Tuesday, Nov 28 2006
Today we ride the bull, el Rio Toro. We drove up river to the Recreo Verde and put in three or four miles above the main bridge. This is river has some really fun continuous Class III-III+ I have paddled. The upper part from Recreo Verde down to the bridge goes through some beautiful gorges, this part of the river is not accessible by land, the only way to get in here is going down the river. The inaccessibility of the run makes this a very committing section of river, no way to get out but going down the river. The lower part of the Rio Toro is pure fun, if you like wall shot rapids that is. A wall shot is when the river goes down a very shallow braided rapid then hits a wall and makes a 90 turn. That turn up against the wall can be tricky as the water is very funky and rolling in that funky water was a challenge. I counted over 25 wall shots on the lower section and there were probably more. At the end of the this day, Lori and the crew invented the "Wall Shot" shot, part coffee liqueur and part Centurion rum, we toasted the Rio Toro and enjoyed the warm tingly feeling it gave us.
Wednesday Nov 28 2006
Howler monkeys sent us on our way to the Rio Reventazion, one of the classic big water rivers of Costa Rica. A good way to think about this river is to imagine the lower Gauley River in West Virginia between 5000 and 7000 cfs. This river has some very long continuous Class IV-IV+ rapids, large exploding waves make a lot of the rapids hard to read from the top.The best way was to come to the top of a large wave in the rapid then shake the water out of your eyes quickly look for the holes. The holes on the Pascua section of the Rio Reventazion are big and juicy and would sometimes blindside you from the back side of some big waves. This river involved some powerful crosscurrent maneuvers and lots of hole punching. Some folks put in at the lower put in and paddled the Florida Section of the Reventazion, this section has some really fun big water wave surfing. After paddling thirteen miles of pushy hard hitting class IV, I was ready for my Imperial at the take out.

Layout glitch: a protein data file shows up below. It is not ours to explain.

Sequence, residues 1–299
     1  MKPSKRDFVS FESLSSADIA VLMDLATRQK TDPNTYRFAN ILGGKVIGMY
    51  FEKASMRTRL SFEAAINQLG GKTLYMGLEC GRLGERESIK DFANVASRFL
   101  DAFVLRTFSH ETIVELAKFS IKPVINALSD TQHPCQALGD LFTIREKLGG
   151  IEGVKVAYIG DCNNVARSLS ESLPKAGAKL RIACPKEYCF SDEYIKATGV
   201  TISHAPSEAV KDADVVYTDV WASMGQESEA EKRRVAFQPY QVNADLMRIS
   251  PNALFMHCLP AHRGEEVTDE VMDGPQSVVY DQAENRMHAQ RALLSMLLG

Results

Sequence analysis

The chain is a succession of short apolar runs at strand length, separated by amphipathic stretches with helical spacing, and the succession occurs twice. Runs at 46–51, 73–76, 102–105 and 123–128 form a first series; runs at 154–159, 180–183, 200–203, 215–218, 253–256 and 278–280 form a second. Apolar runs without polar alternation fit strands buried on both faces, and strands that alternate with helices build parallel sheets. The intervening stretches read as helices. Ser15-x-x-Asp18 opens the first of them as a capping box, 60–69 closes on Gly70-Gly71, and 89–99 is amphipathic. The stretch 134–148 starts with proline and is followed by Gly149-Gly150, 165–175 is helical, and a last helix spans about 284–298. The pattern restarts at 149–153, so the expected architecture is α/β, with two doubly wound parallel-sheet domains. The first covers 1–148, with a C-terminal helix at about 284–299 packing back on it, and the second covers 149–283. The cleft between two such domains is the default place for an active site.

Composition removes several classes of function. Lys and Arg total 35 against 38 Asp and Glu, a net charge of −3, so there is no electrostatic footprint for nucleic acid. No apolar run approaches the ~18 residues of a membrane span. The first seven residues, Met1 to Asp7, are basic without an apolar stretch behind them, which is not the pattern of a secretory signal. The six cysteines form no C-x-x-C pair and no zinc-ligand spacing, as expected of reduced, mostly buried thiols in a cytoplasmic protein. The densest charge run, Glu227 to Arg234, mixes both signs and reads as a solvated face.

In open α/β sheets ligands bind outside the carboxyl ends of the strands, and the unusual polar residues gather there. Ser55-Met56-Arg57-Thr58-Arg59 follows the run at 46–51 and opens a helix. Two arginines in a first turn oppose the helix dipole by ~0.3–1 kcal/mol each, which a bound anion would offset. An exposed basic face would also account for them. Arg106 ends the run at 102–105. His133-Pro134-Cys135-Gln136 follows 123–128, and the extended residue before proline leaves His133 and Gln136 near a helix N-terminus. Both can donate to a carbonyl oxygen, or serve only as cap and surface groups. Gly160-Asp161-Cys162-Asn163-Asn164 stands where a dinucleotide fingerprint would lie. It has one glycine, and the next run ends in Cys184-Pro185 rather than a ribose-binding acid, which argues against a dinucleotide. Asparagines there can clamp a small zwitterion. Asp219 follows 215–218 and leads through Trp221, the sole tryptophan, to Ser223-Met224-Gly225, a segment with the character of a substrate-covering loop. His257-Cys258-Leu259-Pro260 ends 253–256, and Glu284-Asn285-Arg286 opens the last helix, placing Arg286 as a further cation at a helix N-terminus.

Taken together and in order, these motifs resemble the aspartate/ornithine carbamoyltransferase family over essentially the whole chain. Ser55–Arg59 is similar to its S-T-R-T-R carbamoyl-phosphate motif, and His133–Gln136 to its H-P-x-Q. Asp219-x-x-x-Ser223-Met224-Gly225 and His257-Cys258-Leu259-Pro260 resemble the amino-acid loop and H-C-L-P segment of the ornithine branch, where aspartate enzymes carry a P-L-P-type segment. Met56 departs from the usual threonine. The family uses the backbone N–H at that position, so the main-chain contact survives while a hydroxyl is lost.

Thursday, Nov 29 2006
The original plan today was to take an easy day and paddle a short section of the Pacuare down to our campsite for the night. The gang was fired up to paddle though, so we decided to run the upper Pejibeye as well as part of the Pacuare. The upper Pacuare turned out to be a lot of fun, some very beautiful class IV rapids at the beginning which then mellowed out into some eddy hoppy class III. One of my all time favorite runs in Costa Rica. The quality of the water is so clear and the stream bed so fun and natural that it is just a pleasure to be on it. We paddled down about 5 miles and then ate lunch and loaded up for the Pacuare.
The road down to our Pacuare put in was a little steep and muddy for our Coaster so we had to hike down hill the last mile or so, but it was definitely worth it. A powerful tropical rainstorm moved in right over us and the river began rise. It rose slowly at first then just starting coming up very quickly making the 4 miles down to our campsite go very quickly indeed. The Pacuare rose about 4 feet in the space of one hour. We secured our boats way up in the woods and made our way to the Costa Rica Rios campsite, just an awesome campsite. We ate a nice dinner and drank wine and punch into the wee ours of the night.
Friday November 30, 2006
Waking to a beautiful sunny day our little bungalows was really nice. The way the little bungalows are built you can lay in bed and still have a clear view down to the river, just a perfect way to wake up on a paddling trip. The Pacuare was still high but had already begun to drop, the side streams were running clear and the weather was sunny and clear, everything was pointed to a perfect day on the Rio Pacuare. It did not disappoint, we encountered some very exciting Class III+ and IV rapids downstream and everyone had a great last day of paddling on this trip.